Hermès has gained the sense of olfactive consistency that Guerlain once had back in the day thanks to its head perfumer, Jean Claude Ellena. Their latest unisex, Voyage d'Hermès , is a recapitulation, a déjà vu and a voyage not only through the body of work of Jean Claude himself, but of the house of Hermès as an entity! It's as if Voyage is a passport into the world of Hermès: Small little snippets of numerous fragrances hide beneath a hazy cloud of a formula that must have been laborious to construct without falling apart. Yet what has Jean Claude succeeded in doing, at this point in his career, is creating his own syntax and his own vocabulary for communicating which translates as perfectly leggible and intermixable, even in snippets of conversation that all mingle together harmoniously.
In order to appreciate Voyage d'Hermès on whether it succeeds to convey the vision behind it, we need to access the perfumer's technique in rapport with the values dictated by a mass-marketed but still prestigious Hermès fragrance such as Voyage.
Starting by the latter, we're "stumbling" on the mega-success of Terre d'Hermès, a masculine which is -according to the month in question- the first or second best-selling fragrance in France and terribly popular throughout the world as well. Its mineral & airy interpretation of the Mediterranean coast-line, full of fresh breeze, the whisper of citrus groves from afar and vegetal waste rotting on the hard rock, is the transfiguration of an lived-in impression into a scent (aided by a generous helping of IsoE Super, a synthetic which turns the intriguing aromata into a legible abstraction). A new mainstream release would not want to disrupt the commercial success of Terre, but at the same time, it should bring in women too (sharing thus the desirable facets of Terre) and consolidate the past and future of the house into the consience of everyone. In many ways, it feels to me that Hermès was simplifying its historical codes into an Esperanto of signs for everyone. To that degree they have certainly succeeded.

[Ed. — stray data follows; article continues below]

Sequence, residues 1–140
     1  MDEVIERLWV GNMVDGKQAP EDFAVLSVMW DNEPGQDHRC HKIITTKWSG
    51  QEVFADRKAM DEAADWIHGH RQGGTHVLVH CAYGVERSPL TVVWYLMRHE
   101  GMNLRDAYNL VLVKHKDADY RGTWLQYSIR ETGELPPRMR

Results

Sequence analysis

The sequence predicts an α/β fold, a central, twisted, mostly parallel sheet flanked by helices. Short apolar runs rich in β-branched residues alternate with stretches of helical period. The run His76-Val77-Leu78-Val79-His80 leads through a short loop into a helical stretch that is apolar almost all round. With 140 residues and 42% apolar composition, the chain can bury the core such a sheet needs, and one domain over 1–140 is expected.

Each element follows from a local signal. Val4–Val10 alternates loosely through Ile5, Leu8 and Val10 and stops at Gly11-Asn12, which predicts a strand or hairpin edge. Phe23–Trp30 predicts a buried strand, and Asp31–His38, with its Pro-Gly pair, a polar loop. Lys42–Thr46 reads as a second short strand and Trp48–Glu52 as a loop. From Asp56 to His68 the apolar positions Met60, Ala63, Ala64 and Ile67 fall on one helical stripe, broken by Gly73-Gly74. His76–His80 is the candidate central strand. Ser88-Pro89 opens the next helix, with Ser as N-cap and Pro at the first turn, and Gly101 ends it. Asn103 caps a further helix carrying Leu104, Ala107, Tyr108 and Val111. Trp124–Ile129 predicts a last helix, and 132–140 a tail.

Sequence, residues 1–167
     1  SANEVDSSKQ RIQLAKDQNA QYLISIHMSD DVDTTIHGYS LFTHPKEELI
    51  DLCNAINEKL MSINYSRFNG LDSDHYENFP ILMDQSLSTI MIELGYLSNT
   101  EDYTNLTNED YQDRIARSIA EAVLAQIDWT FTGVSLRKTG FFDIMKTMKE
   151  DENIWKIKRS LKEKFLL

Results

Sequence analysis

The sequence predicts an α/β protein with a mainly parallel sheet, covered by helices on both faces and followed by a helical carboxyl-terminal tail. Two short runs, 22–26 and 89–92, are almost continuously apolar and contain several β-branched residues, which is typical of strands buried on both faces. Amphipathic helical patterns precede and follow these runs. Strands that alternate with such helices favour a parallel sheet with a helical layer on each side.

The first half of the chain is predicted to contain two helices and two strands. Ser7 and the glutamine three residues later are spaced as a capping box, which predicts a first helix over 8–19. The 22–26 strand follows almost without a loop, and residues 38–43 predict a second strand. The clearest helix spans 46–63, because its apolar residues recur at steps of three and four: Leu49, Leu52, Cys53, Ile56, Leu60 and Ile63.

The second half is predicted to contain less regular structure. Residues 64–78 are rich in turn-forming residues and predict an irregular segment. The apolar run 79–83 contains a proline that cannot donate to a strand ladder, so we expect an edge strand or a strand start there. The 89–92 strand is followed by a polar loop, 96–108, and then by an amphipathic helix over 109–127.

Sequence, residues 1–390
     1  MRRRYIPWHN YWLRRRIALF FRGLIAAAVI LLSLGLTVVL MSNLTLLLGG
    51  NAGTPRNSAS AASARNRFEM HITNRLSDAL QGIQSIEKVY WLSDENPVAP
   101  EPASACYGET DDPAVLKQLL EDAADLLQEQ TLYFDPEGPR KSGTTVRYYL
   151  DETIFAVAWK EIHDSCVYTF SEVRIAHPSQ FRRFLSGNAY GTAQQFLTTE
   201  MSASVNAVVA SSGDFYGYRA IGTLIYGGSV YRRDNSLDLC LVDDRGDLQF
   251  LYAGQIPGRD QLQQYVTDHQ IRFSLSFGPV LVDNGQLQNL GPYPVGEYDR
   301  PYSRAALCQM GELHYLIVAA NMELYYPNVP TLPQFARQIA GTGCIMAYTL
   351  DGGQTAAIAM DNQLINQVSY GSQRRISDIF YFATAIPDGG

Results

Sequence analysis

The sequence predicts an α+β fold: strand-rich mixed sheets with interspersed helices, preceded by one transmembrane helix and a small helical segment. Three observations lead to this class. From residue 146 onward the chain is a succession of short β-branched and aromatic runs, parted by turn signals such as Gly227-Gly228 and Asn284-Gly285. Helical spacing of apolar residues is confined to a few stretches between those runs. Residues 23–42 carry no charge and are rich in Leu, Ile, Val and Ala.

Ellena himself communicated his aim in composing Voyage d'Hermès, not as the desire to create a figurative or programmatic ~to borrow a term from music~ fragrance "but to create abstract art. A play on paradoxes. Complementary elements. No, this perfume would not smell of a kind of wood, a flower, a particular raw material, but of the unknown in all its glory. To express its nuances and unexpected pairings. Familiar, surprising. Energy, comfort. Masculine, feminine. An infectious mixing of genres. A woody fresh, musky fragrance." Ellena's style (and so is Olivia Giacobetti's in a similar vein) is the quiet, yet subtly intricate music for a quartet, rather than the bustle of a Wagnerian symphony with brass horns and full percussion joining. This is an aesthetic choice, not the result of simplistic or unchallenging incompetence. Comparing ~say~ a traditional Guerlain or 1930s Patou to a modern Hermès composed by Ellena would therefore be a futile exercise in omphaloskepsis. One either likes one style or not, but that doesn't mean that the two are poised on the same plane of existence; they're actually poles apart.
In that regard, Ellena in Voyage d'Hermès is reffarming his signature touch and on top of that creates something that cannot be pinpointed into anything familiar in nature; because there are plenty of familiar accents in the formula itself, as we'll see.